Corsicana Daily Sun, Corsicana, Texas

February 22, 2013

Cargo: Memories of Pope Benedict XVI

By Fr. Jason Cargo
Special to the Corsicana Daily Sun

Corsicana — Lying in bed early Monday, Feb. 11, my phone quickly buzzed. A text flashed across the screen. “Oh my. The Pope has just resigned!”

This catapulted me into a whirlwind of thought. “Is this for real? Could he resign? Has this happened before? Why?” The questions circled my mind. I got up, drew my first cup of coffee, said a brief prayer, and began to careen through the internet to answer these questions.

Surrounded by a gathering of Bishops and Cardinals of the Church, Pope Benedict XVI, who is bishop of Rome, renounced his position as pope effective on Feb. 28, 2013.

My classes taught me about the possibility of a Pope’s renunciation but I never thought it would happen. Church law states that the Pope can do so if made freely and done in the right way. (Canon 332). Based on this law, Pope Celestine V was the first to renounce his position in 1294 and then Pope Gregory XII renounced in 1415. Now, almost 600 years later, Pope Benedict XVI chose to follow suit.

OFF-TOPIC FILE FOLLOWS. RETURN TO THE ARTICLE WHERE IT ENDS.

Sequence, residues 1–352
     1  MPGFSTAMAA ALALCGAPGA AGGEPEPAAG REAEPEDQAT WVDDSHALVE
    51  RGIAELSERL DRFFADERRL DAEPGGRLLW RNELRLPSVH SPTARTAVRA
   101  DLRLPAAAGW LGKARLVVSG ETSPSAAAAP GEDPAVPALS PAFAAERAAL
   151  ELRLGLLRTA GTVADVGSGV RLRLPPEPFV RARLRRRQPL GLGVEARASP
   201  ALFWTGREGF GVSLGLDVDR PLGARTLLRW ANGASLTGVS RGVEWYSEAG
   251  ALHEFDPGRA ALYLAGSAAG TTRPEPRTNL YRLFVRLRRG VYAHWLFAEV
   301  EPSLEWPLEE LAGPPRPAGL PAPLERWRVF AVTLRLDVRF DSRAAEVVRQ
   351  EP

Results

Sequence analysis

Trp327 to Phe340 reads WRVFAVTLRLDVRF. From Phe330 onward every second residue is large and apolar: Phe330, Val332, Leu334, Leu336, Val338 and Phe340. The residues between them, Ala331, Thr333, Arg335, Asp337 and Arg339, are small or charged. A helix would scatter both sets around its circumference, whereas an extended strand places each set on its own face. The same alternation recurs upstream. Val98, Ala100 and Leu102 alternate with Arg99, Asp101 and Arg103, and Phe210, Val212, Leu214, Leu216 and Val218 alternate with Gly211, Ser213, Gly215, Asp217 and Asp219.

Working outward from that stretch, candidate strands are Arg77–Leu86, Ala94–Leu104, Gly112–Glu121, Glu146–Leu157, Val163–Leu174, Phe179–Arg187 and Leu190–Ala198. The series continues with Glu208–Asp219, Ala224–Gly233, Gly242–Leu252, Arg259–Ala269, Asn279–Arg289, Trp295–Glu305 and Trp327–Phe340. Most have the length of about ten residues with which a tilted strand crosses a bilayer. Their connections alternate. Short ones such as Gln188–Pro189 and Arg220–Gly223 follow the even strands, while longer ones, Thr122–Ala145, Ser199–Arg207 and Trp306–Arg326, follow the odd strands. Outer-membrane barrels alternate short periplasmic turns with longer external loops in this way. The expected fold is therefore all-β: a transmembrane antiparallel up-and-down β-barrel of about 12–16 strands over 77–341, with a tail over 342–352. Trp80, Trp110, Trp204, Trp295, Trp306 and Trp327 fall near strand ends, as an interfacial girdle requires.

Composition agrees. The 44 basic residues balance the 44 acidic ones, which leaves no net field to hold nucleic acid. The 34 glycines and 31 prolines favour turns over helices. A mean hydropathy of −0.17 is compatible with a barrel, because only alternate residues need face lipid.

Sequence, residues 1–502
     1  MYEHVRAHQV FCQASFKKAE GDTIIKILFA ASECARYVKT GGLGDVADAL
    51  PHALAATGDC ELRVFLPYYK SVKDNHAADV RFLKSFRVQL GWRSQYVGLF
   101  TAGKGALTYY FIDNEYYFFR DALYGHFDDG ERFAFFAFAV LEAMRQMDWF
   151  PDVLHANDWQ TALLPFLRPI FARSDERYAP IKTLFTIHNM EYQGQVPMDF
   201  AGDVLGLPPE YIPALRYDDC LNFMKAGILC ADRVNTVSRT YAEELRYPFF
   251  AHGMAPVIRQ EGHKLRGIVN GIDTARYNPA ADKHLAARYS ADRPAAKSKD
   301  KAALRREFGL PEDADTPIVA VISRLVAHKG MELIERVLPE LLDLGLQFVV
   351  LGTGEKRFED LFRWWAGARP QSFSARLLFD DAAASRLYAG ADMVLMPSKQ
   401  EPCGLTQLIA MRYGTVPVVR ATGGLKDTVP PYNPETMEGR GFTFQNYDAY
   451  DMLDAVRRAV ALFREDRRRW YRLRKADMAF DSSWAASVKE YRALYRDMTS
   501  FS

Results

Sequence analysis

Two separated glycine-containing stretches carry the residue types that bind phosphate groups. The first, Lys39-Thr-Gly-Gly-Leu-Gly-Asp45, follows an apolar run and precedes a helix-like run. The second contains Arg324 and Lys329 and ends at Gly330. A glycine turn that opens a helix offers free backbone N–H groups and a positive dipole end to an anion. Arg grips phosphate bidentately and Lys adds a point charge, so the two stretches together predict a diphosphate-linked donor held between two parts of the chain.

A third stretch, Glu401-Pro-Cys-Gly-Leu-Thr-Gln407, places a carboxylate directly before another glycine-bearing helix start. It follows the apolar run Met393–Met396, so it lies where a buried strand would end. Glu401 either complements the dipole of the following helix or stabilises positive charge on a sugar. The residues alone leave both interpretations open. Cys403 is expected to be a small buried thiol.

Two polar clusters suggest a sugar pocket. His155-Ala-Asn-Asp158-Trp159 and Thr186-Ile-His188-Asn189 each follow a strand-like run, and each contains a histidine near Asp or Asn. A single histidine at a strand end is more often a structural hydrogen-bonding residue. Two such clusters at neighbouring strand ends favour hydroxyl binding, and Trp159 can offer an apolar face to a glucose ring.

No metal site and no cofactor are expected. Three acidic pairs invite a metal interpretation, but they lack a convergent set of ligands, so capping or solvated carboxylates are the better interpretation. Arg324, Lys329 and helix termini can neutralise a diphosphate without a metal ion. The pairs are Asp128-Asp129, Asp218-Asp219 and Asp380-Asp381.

Pope Benedict clearly had been thinking about this for several years. He made two pilgrimages to the tomb of Pope Celestine V and over his tomb draped his Pallium (a type of stole made out of wool which represents his office as Pope and Archbishop of Rome). He actually stated in the book “Light of the World” that if a Pope believed he could no longer govern that he had the right and obligation to renounce his position. Knowing Pope Benedict to be a man of humility and prayer, he did what many in the western world who strive to stay empowered could not, he stepped down.

For me and many Catholic faithful who had come to love Pope Benedict this news came as a great shock. At first, I could not believe it. When it seemed to be true, sadness and unsettledness crept in. That evening, a flame of anger erupted and ran through my body only to be quenched by the wetness of tears. I realized that I was in the midst of mourning. Although the man that I admired and loved was still alive, his papacy was passing. I had begun to grieve the loss of this spiritual father.

Many jumped quickly to ask what will it be like without Pope Benedict, what would happen to him, and who would be next? That’s for the next article.

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Fr. Jason Cargo is preist at Immaculate Conception Catholic Church in Corsicana. His series of articles on the selection of a new pope will continue weekly through the selection process.